South Korea’s Plans to Curb ‘Fake News’ Face Objections From Civil Liberty Advocates
South Korea’s Justice Ministry is looking at revising laws to make it easier to take down online content that intentionally spreads false information. Harsher measures are also taking place with the application of existing criminal rulings, such as defamation law that carries penalties of up to seven years in prison.
Just last week, Justice Minister Park Sang-ki ordered state prosecutors to go after those spreading ‘false manipulated informations’ and carry out criminal investigations even if no complaint has been made.
The National Police Academy is currently looking into 16 false stories that have been spread online. One of these claims that Prime Minister Lee Nak-yon paid tribute to North Korean founder Kim Il Sung in his recent trip to Vietnam.
YouTube has become a regular target in the crackdowns due to an abundance of right-wing conservatives who paint the president to be a North Korean sympathizer. Much to the Democratic Party’s displeasure, tech giant Google recently refused its demands to take down a hundred videos on the popular streaming site.
The Justice Ministry has said that the clampdowns won’t affect ‘expression of different opinions’ or ‘false reports caused by mistakes’, and will only target content that causes ‘social distrust’ and weakens ‘democratic discourse’ by ‘intentionally manipulating objective facts’.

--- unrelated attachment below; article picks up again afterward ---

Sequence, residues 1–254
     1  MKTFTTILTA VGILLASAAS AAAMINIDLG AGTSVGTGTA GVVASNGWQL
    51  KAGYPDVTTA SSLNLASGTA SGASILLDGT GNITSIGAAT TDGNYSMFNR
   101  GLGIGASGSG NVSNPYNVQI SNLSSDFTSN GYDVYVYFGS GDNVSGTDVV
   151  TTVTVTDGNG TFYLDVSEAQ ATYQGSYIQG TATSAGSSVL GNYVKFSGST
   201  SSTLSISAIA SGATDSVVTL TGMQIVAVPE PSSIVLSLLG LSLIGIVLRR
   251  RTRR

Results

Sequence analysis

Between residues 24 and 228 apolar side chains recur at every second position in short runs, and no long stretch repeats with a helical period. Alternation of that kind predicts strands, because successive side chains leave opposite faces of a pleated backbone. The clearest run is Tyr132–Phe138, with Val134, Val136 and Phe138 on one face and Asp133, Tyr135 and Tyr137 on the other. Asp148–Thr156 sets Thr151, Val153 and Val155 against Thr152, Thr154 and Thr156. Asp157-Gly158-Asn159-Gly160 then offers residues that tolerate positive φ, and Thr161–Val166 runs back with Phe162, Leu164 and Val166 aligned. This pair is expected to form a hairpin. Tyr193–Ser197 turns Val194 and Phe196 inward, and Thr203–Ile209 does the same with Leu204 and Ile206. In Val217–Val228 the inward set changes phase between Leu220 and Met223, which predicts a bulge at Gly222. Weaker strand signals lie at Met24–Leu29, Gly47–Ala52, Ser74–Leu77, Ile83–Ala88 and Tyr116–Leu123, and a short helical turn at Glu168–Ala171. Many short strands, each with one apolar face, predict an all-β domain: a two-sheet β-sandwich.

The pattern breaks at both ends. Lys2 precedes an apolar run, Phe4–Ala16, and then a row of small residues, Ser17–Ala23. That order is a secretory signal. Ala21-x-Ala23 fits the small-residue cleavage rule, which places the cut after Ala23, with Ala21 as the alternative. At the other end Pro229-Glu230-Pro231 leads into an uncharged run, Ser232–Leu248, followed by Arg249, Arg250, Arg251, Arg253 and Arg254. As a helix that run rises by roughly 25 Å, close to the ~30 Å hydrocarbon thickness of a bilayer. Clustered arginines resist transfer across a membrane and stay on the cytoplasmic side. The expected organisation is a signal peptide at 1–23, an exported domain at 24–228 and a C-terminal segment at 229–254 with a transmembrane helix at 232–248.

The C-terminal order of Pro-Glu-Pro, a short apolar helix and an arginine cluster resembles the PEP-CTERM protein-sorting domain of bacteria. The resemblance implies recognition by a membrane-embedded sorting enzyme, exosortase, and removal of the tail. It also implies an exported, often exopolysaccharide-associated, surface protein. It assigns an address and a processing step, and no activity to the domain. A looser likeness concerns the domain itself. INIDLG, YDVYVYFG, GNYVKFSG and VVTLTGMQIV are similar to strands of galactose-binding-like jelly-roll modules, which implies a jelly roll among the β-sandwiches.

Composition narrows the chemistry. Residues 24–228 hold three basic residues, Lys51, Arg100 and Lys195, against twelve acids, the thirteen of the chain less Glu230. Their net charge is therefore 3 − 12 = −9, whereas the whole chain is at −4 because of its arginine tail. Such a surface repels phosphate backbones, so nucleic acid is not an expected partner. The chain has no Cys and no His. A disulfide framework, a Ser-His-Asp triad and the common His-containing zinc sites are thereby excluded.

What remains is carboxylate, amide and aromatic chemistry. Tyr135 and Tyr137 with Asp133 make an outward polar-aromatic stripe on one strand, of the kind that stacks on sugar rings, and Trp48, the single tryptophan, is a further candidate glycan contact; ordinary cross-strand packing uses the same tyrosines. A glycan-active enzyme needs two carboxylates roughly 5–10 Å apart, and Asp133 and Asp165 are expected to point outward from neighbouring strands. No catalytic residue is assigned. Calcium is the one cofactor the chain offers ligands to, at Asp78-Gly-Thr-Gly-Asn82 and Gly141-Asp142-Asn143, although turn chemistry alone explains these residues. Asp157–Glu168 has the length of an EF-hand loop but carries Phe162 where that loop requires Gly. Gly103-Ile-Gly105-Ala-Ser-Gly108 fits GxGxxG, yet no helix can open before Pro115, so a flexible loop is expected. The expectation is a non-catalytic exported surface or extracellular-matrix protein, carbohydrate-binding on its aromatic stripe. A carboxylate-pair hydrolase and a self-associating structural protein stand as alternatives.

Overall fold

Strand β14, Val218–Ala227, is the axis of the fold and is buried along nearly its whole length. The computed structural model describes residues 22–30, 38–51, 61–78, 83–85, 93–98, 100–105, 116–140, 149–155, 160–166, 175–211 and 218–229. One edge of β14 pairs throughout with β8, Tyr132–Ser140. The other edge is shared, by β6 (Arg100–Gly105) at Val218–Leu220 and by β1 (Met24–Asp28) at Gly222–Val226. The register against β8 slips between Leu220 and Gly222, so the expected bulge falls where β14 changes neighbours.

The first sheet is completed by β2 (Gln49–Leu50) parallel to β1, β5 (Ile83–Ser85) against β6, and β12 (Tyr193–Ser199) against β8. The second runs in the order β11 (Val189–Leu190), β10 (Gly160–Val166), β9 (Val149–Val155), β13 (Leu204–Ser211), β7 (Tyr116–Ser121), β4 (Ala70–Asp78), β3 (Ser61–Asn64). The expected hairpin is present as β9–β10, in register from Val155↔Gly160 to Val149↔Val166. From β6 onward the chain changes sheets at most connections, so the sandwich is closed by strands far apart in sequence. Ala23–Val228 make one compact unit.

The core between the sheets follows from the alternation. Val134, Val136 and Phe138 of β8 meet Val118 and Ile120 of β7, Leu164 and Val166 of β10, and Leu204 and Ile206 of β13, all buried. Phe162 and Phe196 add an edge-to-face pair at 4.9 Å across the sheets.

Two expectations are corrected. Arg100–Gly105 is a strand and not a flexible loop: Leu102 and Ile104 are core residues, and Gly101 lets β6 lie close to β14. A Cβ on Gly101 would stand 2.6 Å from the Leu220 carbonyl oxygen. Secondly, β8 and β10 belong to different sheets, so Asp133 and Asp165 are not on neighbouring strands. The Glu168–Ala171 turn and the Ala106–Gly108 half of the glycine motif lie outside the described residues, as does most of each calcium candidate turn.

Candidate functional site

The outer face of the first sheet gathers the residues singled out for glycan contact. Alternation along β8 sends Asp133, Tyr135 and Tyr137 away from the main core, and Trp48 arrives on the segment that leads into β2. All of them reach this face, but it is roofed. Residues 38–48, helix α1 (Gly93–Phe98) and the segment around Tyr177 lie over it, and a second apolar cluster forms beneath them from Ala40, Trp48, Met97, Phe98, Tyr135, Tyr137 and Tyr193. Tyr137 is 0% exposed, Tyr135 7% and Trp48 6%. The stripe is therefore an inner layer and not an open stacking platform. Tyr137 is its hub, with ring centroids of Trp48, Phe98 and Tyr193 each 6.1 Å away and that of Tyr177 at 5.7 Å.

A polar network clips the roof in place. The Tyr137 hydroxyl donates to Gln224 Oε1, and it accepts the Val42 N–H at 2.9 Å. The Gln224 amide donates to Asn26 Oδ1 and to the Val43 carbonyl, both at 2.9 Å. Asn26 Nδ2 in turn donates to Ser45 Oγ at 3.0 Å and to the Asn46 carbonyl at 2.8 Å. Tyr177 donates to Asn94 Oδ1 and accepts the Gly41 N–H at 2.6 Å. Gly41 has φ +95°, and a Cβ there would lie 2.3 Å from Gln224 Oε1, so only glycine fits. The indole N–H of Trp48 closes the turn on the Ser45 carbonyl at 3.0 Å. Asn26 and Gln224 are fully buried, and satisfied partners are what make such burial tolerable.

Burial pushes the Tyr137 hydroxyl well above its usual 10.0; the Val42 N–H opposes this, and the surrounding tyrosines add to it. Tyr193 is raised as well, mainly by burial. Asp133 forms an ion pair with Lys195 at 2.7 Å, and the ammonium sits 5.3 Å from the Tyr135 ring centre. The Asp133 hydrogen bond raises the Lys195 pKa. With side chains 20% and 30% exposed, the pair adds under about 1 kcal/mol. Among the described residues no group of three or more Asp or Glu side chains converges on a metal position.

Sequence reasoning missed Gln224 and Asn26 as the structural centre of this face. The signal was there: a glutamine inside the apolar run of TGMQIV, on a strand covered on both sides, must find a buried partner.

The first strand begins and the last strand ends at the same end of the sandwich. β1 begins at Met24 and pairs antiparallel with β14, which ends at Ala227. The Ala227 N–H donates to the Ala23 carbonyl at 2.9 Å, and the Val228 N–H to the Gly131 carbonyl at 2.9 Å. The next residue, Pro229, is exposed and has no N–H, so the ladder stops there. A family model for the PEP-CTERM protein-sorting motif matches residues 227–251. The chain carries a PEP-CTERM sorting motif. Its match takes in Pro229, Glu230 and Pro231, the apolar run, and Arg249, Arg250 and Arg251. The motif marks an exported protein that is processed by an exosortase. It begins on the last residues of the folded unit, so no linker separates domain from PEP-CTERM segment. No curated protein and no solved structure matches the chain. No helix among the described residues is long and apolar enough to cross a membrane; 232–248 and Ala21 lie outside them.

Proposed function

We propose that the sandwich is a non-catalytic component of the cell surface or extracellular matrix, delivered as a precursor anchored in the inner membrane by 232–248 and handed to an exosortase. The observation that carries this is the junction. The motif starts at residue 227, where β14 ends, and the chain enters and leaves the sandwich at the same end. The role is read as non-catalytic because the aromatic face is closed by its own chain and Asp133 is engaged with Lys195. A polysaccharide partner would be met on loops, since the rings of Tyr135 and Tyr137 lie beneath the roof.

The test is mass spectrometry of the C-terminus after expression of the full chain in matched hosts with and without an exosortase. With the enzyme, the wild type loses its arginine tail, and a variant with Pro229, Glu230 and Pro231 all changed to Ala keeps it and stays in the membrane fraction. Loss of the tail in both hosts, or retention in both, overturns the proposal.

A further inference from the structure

Legal experts have criticized this saying that there is no way to objectively discern the difference between what is maliciously false and what is a ‘mistake’.
The National Union of Media Workers also said in a statement: “It’s not appropriate for the government to intervene and define what fake news is. This will almost certainly create suspicions that decisions will be based on the government’s taste.”
South Korea has a history tainted by military dictatorships that heavily censored the news and executed those who spoke out against them, which will likely be fresh in the mind for those criticizing the government’s decision.
Civil liberty advocates are comparing liberal President Moon Jae-in’s actions to those of his conservative predecessors who used the same defamation law to suppress critics. While he’s not manipulating traditional media as former rulers did, the censorship measures are likely to affect everyday internet users.